acetaminophen and pyrilamine
Generic Name: acetaminophen and pyrilamine (a SEET oh MIN oh fen and pir IL a meen)
Brand Name: HistaFlex
What is acetaminophen and pyrilamine?
Pyrilamine is an antihistamine that reduces the effects of natural chemical histamine in the body.
Acetaminophen and pyrilamine is a combination medicine used to treat headaches, backaches, muscle aches, and other minor aches or pains. This medicine is also used to treat menstrual cramps and bloating.
Acetaminophen and pyrilamine may also be used for purposes not listed in this medication guide.
Do not take more than your recommended dose. An acetaminophen overdose can damage your liver or cause death. Call your doctor at once if you have nausea, pain in your upper stomach, itching, loss of appetite, dark urine, clay-colored stools, or jaundice (yellowing of your skin or eyes).
In rare cases, acetaminophen may cause a severe skin reaction. Stop taking this medicine and call your doctor right away if you have skin redness or a rash that spreads and causes blistering and peeling.
Before taking this medicine
You should not use this medicine if you are allergic to acetaminophen (Tylenol) or pyrilamine.
Ask a doctor or pharmacist if it is safe for you to take this medicine if you have other medical conditions, especially:
enlarged prostate or urination problems;
It is not known whether this medicine will harm an unborn baby. Do not use acetaminophen and pyrilamine without a doctor's advice if you are pregnant.
It is not known whether this medicine passes into breast milk or if it could harm a nursing baby. Do not use acetaminophen and pyrilamine without a doctor's advice if you are breast-feeding a baby.
Do not give this medicine to a child younger than 12 years old without the advice of a doctor.
How should I take acetaminophen and pyrilamine?
Use exactly as directed on the label, or as prescribed by your doctor. This medicine is usually taken only for a short time until your symptoms clear up. Do not take more of this medication than is recommended. An overdose of acetaminophen can damage your liver or cause death.
Stop taking this medication and call your doctor if:
you have a fever lasting longer than 3 days;
you have pain lasting longer than 10 days; or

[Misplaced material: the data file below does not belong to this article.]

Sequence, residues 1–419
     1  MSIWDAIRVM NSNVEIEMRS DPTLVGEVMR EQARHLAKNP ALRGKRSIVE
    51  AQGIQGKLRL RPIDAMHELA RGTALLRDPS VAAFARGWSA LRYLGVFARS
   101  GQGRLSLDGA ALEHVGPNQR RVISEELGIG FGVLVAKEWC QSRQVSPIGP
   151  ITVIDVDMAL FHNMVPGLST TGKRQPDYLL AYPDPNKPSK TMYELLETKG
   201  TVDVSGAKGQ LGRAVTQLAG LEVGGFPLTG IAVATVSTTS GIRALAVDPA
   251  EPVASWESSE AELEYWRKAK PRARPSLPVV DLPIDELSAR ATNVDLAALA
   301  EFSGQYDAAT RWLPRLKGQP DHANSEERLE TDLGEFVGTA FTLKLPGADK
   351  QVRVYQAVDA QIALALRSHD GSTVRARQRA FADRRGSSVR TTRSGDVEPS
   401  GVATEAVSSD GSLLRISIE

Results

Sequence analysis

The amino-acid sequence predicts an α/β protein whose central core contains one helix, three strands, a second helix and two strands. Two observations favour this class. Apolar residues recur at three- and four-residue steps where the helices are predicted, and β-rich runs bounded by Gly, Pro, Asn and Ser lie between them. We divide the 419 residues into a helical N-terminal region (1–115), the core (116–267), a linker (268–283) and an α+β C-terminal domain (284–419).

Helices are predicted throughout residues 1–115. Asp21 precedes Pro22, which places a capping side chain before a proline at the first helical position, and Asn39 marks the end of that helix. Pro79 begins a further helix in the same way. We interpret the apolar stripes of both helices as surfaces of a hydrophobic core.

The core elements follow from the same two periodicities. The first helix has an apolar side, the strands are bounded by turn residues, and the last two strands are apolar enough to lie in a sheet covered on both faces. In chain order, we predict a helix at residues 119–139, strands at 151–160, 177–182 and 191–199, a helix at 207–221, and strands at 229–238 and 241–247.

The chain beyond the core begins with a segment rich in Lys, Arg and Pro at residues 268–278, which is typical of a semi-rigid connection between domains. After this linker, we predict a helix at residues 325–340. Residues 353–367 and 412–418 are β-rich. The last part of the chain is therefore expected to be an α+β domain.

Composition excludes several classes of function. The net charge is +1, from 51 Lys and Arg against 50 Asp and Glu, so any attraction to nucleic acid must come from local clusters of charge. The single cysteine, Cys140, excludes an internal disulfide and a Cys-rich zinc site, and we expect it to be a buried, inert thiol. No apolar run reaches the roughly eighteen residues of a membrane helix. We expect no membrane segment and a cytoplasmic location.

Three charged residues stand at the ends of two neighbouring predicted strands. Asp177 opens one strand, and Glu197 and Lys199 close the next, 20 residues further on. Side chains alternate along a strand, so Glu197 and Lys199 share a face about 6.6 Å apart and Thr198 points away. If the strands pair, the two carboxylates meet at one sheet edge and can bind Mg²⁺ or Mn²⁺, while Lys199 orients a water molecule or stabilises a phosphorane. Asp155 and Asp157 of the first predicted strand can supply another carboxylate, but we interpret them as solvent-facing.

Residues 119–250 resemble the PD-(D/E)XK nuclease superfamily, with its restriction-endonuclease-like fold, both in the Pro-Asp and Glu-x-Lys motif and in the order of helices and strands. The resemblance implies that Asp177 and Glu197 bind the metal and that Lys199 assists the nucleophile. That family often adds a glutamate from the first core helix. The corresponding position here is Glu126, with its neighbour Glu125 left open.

your symptoms get worse, or if you have any new symptoms.
If you need surgery or medical tests, tell the surgeon or doctor ahead of time if you have taken this medicine within the past few days.
Store at room temperature away from moisture and heat.
What happens if I miss a dose?
Since this medicine is used when needed, you may not be on a dosing schedule. If you are on a schedule, use the missed dose as soon as you remember. Skip the missed dose if it is almost time for your next scheduled dose. Do not use extra medicine to make up the missed dose.
Never take more than 8 tablets in one 24-hour period.
What happens if I overdose?
Seek emergency medical attention or call the Poison Help line at 1-800-222-1222. An overdose of acetaminophen can be fatal.
The first signs of an acetaminophen overdose include loss of appetite, nausea, vomiting, stomach pain, sweating, and confusion or weakness. Later symptoms may include pain in your upper stomach, dark urine, and yellowing of your skin or the whites of your eyes.
What should I avoid while taking acetaminophen and pyrilamine?
Ask a doctor or pharmacist before using any other cold, allergy, pain, or sleep medication. Acetaminophen (sometimes abbreviated as APAP) is contained in many combination medicines. Taking certain products together can cause you to get too much acetaminophen which can lead to a fatal overdose. Check the label to see if a medicine contains acetaminophen or APAP.
Avoid drinking alcohol. It may increase your risk of liver damage while you are taking acetaminophen, and can increase certain side effects of pyrilamine.